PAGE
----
VALLEY CITY, N.D. — In October 2019, a landowner found a dead whitetail deer near Valley City that had its antlers removed. Less than a week later, another deer without antlers was discovered nearby.
Hunters reported more deer carcasses in the following weeks. All had their antlers or heads removed. No meat was taken, and the bodies were left to rot.
A months-long investigation led game wardens to four men who were convicted of a long list of misdemeanors in recent months connected to poaching at least 10 deer, the North Dakota Game and Fish Department said this week.
“This investigation was highly complex and involved hundreds of warden hours to successfully complete,” enforcement division chief Scott Winkelman said in an article released by the agency. “It really shows the excellent work our game wardens do on a daily basis.”
A poaching case that drags on for several weeks and involves multiple bucks is uncommon, Mark Pollert, a warden supervisor in Jamestown, told The Forum in a phone interview. Most poaching incidents are isolated, he said.
Seven wardens from southeast North Dakota investigated the case, the Game and Fish Department said. Residents in the area also contributed bits and pieces to the investigation, Pollert said.
Most deer were found along the Sheyenne River between Lake Ashtabula and Kathryn, N.D.
The findings prompted game wardens to conduct a night flight in December 2019 in hopes of finding suspects. That same night, a warden chased down a vehicle suspected of illegally shining lights on wildlife, officials said.
The vehicle got stuck in snow, but game wardens found that the people in it were found not involved with the poaching activity.
But while searching the vehicle, investigators found a photo of a large whitetail buck that led them to the poachers, Hastings said. Pollert declined to discuss the significance of the photo, but it led to numerous interviews, warrants and, eventually, charges against Jakob Allen Ashline and Payne Tyler Drake, both of Valley City, and Calvin Thomas Bjornson and Ryan Edward Rudolph, both of Spiritwood.
Bjornson was first charged May 19, 2020, followed by the other three on Sept. 18.
Ashline was hit with 23 poaching-related charges, the most of the three men. An affidavit of probable cause against him described how he shot six deer without a license between Oct. 4 and Nov. 24, 2019, some of which he used a light to spot between 10 p.m. and 4 a.m. He admitted to throwing some deer heads into the river while taking the antlers, according to the affidavits.
Ashline said he started shooting the deer because he had been turned down for tags, according to court documents.
“(A)fter he shot the first one, the next one was bigger, and it spiraled out of control,” the affidavit said. When asked why he didn’t buy a bow tag, he said, “because I am stupid.”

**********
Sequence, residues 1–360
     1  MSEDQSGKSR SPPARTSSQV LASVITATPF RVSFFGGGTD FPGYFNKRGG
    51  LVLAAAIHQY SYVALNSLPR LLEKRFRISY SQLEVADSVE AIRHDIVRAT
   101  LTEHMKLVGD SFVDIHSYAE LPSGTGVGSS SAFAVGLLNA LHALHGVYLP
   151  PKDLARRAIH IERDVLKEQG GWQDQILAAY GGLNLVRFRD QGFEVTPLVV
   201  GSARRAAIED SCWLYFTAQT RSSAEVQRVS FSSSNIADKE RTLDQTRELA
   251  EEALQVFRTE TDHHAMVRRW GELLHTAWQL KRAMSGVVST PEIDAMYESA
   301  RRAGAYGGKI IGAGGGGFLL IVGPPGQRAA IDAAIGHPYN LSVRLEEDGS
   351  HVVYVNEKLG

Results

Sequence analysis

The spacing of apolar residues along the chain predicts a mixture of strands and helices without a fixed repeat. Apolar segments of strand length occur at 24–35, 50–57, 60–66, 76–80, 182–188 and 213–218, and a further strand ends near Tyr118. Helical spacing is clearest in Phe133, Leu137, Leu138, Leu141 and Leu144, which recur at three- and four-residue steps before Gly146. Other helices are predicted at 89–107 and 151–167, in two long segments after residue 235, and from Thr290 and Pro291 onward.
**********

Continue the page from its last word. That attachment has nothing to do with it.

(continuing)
Drake reached out to wardens about five additional deer carcasses in a pit in northern Barnes County, according to an affidavit. Drake didn’t admit to shooting any deer but said he helped Ashline take photos of the big game and drag deer to trees, the affidavit said.
He also helped Rudolph when the latter shot two deer, the affidavit said.
“Looking back, what we did was f---ed up,” Drake said, according to court documents.
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Prosecutors connected the men to 10 bucks, but it’s possible more deer were taken illegally, Hastings said. However, some of the deer found died under unexplainable circumstances, so wardens could not say with certainty whether the four men poached them, Pollert said.
Bjornson shot a deer with a rifle when he had a bow tag, failed to tag a deer and aided in the concealment of big game that was taken illegally by allowing Rudolph to keep his deer on the Bjornson farm, court documents said.
Ashline pleaded guilty to all 23 charges on Feb. 3 and was sentenced to 52 days in jail. He also was ordered to pay $7,900 in fines, fees and restitution and lost his hunting, fishing and trapping privileges for 10 years.
Rudolph pleaded guilty on March 16 to six misdemeanors, was ordered to pay $2,635 and lost hunting, fishing and trapping privileges for two years. He also must complete 100 hours of community service.
Bjornson had to pay $4,750 after pleading guilty to three misdemeanor charges on Dec. 7. Drake was sentenced to 80 hours of community service, lost his hunting, fishing and trapping privileges for two years and must pay $850 after pleading guilty on Oct. 27 to nine charges.
Hunting is a valued tradition in North Dakota, Pollert said. Most people who hunt are law-abiding and want to do the right thing, he added.
“A lot of people who do live in North Dakota do partake in hunting,” he said. “It is one of the activities that we have been doing for a long time.”
Taking animals illegally takes away opportunities from hunters who follow the law, as well as those who like to observe wildlife, he said. It also erodes the image of lawful hunting, trapping and fishing, Doug Leier of North Dakota Game and Fish said.
“We need to do all we can to maintain that image,” he said.
If a person suspects an animal has been poached, Leier said they should contact a local game warden or call state radio at 701-328-9921.
For more information on the Report All Poachers program, go to gf.nd.gov/rap.